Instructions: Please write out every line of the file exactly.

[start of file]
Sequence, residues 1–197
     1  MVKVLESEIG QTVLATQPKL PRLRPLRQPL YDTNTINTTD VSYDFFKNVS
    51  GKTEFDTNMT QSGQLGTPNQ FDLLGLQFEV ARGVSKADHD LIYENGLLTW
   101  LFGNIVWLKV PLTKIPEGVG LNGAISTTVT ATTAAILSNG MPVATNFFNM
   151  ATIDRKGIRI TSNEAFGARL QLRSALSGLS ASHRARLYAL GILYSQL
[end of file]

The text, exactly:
Sequence, residues 1–197
     1  MVKVLESEIG QTVLATQPKL PRLRPLRQPL YDTNTINTTD VSYDFFKNVS
    51  GKTEFDTNMT QSGQLGTPNQ FDLLGLQFEV ARGVSKADHD LIYENGLLTW
   101  LFGNIVWLKV PLTKIPEGVG LNGAISTTVT ATTAAILSNG MPVATNFFNM
   151  ATIDRKGIRI TSNEAFGARL QLRSALSGLS ASHRARLYAL GILYSQL